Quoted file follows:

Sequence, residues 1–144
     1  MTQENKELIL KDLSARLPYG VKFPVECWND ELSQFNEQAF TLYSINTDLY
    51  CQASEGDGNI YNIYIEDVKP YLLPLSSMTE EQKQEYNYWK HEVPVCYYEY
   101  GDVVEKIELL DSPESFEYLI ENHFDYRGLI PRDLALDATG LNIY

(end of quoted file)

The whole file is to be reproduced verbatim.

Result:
Sequence, residues 1–144
     1  MTQENKELIL KDLSARLPYG VKFPVECWND ELSQFNEQAF TLYSINTDLY
    51  CQASEGDGNI YNIYIEDVKP YLLPLSSMTE EQKQEYNYWK HEVPVCYYEY
   101  GDVVEKIELL DSPESFEYLI ENHFDYRGLI PRDLALDATG LNIY